Foot care (podiatry) services

Foot care (podiatry) services provide assessment, treatment and advice for people with skin, nail or mechanical foot problems, and for people with diabetes.

Foot care services are provided by a team of state registered podiatrists and trained podiatry assistants in hospital, clinics and community settings, prisons, and in the patient’s home.  The main aims of the service are to maintain tissue viability, improve foot function and control pain.

Foot problems include a range of different conditions, and patients may have complications arising from more than one condition. There are three main groups requiring foot care:

  • People with a disease which puts the feet at risk (for example, diabetics)
  • People with disabling foot conditions (for example, arthritic conditions)
  • People needing basic foot care

Podiatrists specialise in foot-related conditions that cause pain, particularly those that affect mobility.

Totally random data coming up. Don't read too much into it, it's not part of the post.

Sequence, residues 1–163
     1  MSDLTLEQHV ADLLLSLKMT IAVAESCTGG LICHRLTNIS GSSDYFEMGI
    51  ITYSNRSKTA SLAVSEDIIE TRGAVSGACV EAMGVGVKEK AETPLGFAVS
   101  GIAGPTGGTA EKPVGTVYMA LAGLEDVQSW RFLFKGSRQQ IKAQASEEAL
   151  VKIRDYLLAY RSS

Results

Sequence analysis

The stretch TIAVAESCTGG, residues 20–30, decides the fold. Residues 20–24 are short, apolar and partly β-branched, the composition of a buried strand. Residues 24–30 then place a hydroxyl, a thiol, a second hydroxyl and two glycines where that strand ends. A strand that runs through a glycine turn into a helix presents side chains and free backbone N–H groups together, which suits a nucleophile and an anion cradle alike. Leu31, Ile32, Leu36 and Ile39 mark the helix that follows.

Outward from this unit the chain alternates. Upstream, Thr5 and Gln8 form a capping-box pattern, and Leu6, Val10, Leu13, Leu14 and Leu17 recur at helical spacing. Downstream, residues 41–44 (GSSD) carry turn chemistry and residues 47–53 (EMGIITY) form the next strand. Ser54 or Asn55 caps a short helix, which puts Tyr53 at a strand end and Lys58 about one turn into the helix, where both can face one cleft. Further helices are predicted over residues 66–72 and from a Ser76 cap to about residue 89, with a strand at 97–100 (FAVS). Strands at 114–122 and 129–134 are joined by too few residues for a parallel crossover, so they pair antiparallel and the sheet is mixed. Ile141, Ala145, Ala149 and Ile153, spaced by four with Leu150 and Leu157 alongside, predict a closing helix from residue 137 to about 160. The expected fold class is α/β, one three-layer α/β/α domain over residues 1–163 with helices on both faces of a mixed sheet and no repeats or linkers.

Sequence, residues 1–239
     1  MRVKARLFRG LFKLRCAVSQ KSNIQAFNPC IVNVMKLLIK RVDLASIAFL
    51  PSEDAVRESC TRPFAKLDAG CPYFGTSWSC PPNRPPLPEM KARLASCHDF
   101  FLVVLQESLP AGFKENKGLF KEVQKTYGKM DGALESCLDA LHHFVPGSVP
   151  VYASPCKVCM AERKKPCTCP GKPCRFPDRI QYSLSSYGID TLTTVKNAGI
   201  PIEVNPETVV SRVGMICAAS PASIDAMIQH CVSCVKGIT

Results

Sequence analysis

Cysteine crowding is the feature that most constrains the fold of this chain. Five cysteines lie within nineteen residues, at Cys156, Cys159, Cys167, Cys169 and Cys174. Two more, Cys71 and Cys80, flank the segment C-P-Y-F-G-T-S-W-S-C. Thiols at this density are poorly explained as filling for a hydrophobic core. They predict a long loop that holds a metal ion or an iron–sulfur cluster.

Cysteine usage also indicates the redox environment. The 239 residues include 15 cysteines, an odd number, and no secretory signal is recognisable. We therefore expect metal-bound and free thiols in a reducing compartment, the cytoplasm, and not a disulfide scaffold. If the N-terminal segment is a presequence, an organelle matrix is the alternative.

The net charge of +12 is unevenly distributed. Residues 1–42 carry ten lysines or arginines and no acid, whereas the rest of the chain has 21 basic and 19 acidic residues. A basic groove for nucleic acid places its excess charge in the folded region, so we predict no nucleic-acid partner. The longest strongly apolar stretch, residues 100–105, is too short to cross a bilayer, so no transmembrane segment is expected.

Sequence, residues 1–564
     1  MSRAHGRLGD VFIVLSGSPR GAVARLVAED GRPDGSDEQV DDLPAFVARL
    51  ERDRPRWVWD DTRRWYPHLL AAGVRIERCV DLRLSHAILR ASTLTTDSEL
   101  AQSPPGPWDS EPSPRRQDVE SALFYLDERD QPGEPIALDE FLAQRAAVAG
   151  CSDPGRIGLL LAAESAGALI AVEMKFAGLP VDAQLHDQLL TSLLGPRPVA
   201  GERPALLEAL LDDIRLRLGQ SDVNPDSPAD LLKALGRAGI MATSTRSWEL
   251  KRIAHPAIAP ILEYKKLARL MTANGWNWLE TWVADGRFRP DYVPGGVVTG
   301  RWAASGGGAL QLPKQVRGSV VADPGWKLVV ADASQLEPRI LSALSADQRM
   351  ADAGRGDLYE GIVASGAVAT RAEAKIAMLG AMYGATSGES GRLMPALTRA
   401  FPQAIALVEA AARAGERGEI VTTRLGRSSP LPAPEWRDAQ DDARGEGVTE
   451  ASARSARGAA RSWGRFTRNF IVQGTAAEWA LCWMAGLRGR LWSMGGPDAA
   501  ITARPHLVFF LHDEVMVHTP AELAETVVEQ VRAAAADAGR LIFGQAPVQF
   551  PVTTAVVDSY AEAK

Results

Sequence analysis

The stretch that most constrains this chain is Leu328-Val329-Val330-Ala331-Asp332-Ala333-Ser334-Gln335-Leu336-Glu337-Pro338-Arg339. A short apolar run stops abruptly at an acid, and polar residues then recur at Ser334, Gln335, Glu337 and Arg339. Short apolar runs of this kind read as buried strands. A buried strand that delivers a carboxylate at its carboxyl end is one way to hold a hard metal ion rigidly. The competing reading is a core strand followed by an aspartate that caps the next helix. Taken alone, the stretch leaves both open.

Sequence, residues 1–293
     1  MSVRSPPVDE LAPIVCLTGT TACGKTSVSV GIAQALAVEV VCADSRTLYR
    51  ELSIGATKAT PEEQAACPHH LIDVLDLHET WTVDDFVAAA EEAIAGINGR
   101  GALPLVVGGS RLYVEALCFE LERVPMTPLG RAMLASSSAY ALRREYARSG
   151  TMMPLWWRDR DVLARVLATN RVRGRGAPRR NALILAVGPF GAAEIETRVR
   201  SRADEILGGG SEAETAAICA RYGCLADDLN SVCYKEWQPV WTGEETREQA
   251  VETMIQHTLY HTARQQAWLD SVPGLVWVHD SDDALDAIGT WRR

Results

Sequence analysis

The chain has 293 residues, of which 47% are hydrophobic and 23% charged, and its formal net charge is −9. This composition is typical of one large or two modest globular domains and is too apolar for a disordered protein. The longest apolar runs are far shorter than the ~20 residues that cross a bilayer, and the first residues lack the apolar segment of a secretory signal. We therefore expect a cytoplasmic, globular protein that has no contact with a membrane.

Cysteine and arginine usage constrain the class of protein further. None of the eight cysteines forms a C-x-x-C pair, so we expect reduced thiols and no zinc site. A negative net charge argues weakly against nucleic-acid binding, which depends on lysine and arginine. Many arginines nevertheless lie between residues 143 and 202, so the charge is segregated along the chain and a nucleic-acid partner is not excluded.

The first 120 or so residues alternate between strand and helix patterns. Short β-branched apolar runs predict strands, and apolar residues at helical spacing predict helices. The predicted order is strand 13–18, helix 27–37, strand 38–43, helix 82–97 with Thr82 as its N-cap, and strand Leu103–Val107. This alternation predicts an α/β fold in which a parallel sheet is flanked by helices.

Treatments range from general foot care to addressing complex musculoskeletal conditions and services include:

  • Removal of corns and calluses
  • Treating problematic nails, such in-growing nails    
  • Treatments for ulcers, and wounds    
  • Treatment for mechanical hip, knee, heel or foot pain and sports injuries   
  • Diabetic foot assessment and treatment    
  • Assessment and  provision of insoles or orthotics (custom-made inserts that fit inside the shoe) if required    
  • Advice on maintaining mobility and prevention of falls    
  • injuries   
  • Treatment of painful verrucae
  • General foot care advice

Eligibility and referral criteria

Eligibility and referrals vary according to location. For details, choose a service from the list below the map.

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